Ok so maybe I’m not totally alone and maybe some of you will think I am not grateful that we aren’t celebrating the holidays via Skype this year (trust me I am) but here it is Dec 26 and I’m balancing the feelings of “Mission Accomplished”, “Whew – glad that’s over” and “I survived”.
You see it’s the first year that we have had no family here for Thanksgiving or Christmas. It’s the first time in my life I have not celebrated the arrival of Santa with children waking us up at the crack of dawn and it’s the first time I haven’t had my own kids home with us to celebrate. And it’s the first time my husband had to work on Christmas Eve (so other NCO’s with children didn’t miss the day – he’s awesome like that 🙂 ).
For him it was a day like any other, for me I worked hard to find the spirit, and I’m not going to lie it was difficult. You see,my husband LOVES Thanksgiving, but Christmas just isn’t his thing – never has been; think Grinch and you are pretty close. (Eventually I’ll share with you how we’ve made it over 24 years together when one of us LOVES Christmas and the other well….not so much, but that’s a post for another day)! Back to my point….
The holiday’s were especially difficult because with only my husband, who just doesn’t see the magic it felt off. I’d be lying if I said he could fake it for my sake, but he doesn’t enjoy decorating the tree or the holiday candles I light, hates Christmas music and putting up lights. I don’t even think I have pic of him with Santa nor would he have ever helped with Elf on the Shelf – had the idea been around when my kids were young.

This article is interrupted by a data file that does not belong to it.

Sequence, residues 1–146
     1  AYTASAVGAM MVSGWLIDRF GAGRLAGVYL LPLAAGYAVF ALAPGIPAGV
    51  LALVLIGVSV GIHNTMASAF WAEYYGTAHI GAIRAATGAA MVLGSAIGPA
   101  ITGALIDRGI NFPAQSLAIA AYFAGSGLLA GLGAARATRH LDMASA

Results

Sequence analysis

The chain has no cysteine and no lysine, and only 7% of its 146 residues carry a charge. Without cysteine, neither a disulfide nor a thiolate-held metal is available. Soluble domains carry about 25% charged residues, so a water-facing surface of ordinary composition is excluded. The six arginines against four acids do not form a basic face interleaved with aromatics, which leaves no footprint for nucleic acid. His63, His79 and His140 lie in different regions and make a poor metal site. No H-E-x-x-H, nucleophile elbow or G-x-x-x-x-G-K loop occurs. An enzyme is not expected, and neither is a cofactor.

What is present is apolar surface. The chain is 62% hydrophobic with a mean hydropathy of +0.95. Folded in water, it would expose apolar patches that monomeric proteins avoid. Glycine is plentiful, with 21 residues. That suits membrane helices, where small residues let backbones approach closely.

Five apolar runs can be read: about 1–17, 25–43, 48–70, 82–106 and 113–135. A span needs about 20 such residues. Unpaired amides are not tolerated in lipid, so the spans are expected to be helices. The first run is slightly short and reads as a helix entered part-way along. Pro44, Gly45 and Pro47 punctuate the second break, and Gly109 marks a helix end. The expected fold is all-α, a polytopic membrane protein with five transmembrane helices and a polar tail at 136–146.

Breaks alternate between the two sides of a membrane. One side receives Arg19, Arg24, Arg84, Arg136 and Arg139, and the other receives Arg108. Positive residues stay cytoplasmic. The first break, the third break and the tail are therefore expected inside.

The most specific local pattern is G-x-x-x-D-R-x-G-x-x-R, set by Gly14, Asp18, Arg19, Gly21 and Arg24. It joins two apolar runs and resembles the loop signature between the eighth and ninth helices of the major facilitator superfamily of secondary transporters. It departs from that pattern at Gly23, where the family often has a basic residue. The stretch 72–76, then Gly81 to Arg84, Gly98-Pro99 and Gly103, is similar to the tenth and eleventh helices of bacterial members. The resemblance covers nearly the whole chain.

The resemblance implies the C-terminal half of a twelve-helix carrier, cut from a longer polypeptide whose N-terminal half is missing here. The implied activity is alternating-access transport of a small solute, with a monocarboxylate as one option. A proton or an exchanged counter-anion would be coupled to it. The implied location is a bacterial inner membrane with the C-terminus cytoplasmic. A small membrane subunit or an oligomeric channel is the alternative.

In fact the only thing he looks forward to are the many different kind of cookies I bake, the awesome meals and knowing that I’m happy; oh yeah did I mention he’d rather stay home than go ANYWHERE between Thanksgiving and Christmas? “To many people” he says.
So you can imagine how the fact that this year we couldn’t travel was challenging(a special shout out to the Army for that 😉 ) . But here we are on the other end of things and I can say we survived and all things considered even enjoyed the quiet.
Of course I missed the chaos, traditions and family, I especially missed my kids (my son recently moved and started a new job and had no time off and my daughter, grand-daughter and son-in-law will be arriving later this week to spend New Years here). But I also realized that although things were different this year it didn’t mean that they couldn’t be just as special.
I think that’s something the military life has taught me (often kicking and screaming). It’s taught me that it’s up to me to make the best of each day. It’s shown me that I am responsible for whether or not I’m happy and I need to do whatever it takes to find my own joy even when it’s feels overwhelming and hard.
I learned that sometimes that means things like the holidays aren’t the same as they’ve always been and I realize I alone have a choice. I can sit in my house and focus on how unfair and sad I am or I can create a moment that works. I choose to create a moment that works.
Of course I wish that our duty station wasn’t so far from family and friends, and I wish my kids were here, but that doesn’t mean that I couldn’t enjoy the blessings and magic that the season brings. In fact in the quiet I was able to do something that I normally don’t have time to do; something I will be sure to incorporate into the hustle and bustle of a “typical” holiday in the future and that is to take lots of time to reflect on the lessons that the year brought with it and focus on the reason we celebrate Christmas in the first place; The birth of Christ.
It’s as if the quiet was a gift, an unexpected gift that I didn’t even realize I needed. A gift that will help me move into the New Year with passion and purpose, and I am truly grateful.
~Judy Davis, the Direction Diva is a motivational speaker, author and lifestyle blogger as well as a military life and teen suicide prevention expert. Co-founder of DASIUM, Judy’s books Right Side Up and Warning Signs: Is Your Teen at Riskare go to resources for families and her websites are filled with tips, inspiration and resources for those looking for direction. Connect with Judy at TheDirectionDiva.com